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Phoebe Bridgers - Punisher (Album Review)

Wednesday, 24 June 2020 Written by Helen Payne

The last time a leap year occurred, Phoebe Bridgers was in her early 20s. She was unsigned, and she had never left the United States. In a recent interview she recalled writing a list of goals she wanted to achieve by the time the next one rolled around. It included releasing three albums, touring the world, and visiting Ireland.

Here we are in 2020, and while the world isn’t in the state we thought it might be when we hit the next February 29, Bridgers has achieved her goals, and then some. Alongside her well-received and deeply melancholic debut ‘Stranger in the Alps’, she has put out collaborative LPs with Conor Oberst (as Better Oblivion Community Center) and Julien Baker and Lucy Dacus (as Boygenius).  Touring these records, she’s stopped off all over the world (including Ireland).

But the thing that hits hardest on ‘Punisher’, her second solo LP, is the way it points out that sometimes achieving your goals isn’t always as fulfilling as you thought it would be.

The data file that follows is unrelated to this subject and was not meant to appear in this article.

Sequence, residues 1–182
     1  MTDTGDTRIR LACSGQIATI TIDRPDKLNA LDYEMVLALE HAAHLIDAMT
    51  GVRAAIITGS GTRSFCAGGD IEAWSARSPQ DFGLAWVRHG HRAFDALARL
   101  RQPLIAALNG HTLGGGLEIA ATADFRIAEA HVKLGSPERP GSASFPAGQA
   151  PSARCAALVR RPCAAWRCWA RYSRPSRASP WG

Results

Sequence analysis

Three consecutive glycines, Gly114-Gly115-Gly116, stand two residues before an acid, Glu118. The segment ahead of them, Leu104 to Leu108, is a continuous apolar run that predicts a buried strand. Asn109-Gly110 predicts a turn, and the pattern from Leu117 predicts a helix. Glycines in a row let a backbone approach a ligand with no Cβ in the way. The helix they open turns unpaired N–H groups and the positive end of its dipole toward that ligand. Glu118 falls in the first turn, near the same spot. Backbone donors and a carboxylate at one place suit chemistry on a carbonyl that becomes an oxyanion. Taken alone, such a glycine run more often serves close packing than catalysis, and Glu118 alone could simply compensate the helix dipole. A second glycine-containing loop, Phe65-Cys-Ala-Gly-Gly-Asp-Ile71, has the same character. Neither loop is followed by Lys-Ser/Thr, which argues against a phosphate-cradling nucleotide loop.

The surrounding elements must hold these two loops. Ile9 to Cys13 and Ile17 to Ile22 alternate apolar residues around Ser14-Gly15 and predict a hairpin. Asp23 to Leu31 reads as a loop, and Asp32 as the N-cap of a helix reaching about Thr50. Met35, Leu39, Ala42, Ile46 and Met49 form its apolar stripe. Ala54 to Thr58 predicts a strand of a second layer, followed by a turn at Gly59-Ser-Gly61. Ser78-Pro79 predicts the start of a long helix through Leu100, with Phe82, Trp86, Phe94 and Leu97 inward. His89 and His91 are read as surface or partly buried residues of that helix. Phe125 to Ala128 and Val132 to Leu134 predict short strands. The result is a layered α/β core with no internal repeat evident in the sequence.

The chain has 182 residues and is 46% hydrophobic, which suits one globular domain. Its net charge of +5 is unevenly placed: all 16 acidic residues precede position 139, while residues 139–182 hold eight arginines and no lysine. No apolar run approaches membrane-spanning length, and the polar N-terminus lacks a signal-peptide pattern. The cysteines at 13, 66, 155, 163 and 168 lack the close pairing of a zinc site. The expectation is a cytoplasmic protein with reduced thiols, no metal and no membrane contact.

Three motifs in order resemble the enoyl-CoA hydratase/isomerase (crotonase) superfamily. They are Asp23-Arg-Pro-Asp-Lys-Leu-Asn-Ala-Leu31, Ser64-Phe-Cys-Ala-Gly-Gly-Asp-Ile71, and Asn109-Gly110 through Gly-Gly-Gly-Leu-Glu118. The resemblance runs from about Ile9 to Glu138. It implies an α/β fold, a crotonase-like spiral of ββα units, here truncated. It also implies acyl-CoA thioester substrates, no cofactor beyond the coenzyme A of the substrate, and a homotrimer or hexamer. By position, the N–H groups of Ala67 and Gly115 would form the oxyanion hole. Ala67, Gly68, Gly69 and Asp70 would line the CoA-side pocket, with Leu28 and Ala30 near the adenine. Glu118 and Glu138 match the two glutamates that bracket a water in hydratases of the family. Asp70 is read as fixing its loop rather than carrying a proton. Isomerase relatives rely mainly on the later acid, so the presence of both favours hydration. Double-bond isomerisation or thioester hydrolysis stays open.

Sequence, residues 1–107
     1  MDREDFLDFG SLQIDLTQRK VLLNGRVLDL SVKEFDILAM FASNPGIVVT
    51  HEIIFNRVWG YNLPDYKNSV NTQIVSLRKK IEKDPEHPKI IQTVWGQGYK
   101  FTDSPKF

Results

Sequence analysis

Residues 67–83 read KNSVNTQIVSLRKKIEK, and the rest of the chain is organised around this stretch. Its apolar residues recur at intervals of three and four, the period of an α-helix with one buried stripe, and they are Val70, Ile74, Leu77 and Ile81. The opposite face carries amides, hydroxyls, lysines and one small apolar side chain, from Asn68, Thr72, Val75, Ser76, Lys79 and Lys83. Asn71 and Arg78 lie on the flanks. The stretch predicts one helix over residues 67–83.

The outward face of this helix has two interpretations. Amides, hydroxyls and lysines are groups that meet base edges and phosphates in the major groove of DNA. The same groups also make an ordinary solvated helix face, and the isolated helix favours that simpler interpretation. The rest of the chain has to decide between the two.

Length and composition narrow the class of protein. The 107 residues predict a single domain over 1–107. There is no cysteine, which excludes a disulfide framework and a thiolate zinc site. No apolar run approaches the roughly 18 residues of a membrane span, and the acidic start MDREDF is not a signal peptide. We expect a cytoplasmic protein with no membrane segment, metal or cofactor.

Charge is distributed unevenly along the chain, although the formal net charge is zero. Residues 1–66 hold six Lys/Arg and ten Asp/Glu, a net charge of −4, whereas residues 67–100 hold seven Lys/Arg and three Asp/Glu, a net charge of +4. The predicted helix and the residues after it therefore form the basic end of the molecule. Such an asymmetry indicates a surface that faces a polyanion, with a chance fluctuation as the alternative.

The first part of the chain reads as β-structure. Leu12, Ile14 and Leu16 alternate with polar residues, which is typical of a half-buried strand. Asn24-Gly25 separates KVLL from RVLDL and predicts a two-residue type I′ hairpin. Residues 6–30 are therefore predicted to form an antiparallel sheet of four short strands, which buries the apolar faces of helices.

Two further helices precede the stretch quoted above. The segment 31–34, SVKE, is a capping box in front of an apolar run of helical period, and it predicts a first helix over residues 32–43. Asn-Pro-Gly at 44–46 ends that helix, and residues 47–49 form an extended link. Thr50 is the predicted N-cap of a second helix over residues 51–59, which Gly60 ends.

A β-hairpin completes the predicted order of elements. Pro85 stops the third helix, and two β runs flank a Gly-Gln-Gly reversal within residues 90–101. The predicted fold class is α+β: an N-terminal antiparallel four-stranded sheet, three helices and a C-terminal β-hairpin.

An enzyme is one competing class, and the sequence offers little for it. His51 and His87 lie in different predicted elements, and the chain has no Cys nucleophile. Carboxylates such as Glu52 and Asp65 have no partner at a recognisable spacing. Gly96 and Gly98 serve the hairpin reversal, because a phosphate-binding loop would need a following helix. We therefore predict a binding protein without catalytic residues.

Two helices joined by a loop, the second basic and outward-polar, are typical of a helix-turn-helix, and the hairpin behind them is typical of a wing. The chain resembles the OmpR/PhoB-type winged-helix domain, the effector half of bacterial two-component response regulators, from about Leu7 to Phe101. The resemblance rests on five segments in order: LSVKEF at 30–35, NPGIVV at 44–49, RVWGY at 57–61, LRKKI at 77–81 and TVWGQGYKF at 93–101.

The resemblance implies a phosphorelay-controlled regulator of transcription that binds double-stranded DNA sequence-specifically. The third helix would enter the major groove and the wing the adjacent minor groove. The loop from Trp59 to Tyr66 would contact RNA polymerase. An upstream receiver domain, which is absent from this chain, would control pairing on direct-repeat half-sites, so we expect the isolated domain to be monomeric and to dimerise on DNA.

Kyoto, a brass-led pop song and her most upbeat track to date, embodies this feeling with its contrasting chorus lyrics: “I wanted to see the world, then I flew over the ocean and changed my mind.” But the joyous, emphatic tones here make us believe it’s OK to feel this way.

It’s revelations like this that make Bridgers’ work so touching, and ‘Punisher’ was assembled with these truths in mind. It’s just as gut-wrenching, powerful and emotional as ‘Stranger in the Alps’, just ever so slightly more Phoebe. What’s more, she notes, for all that’s amazing about achieving goals and nailing aspirations, there’s always going to be something lurking that you can’t get away from. 

Much like its predecessor, Bridgers’ best writing here results in songs that make you cry. She’s still taking on themes like childhood memories and the passing of time, on Garden Song, depression and heartbreak, on I See You, but she delivers things with a wry sense of humour that’s never afraid to be self-deprecating. 

 ‘Punisher’ is a haunting album, yet also carefully meditative. Bridgers assimilates musical tropes from artists she’s worked with over the past few years—the subtle dubbing of Bon Iver-esque autotune on the title track, the resplendent exploration of instrumentation à la Baker—and blends them with her own experiences to craft a truly mesmerising collection of songs.


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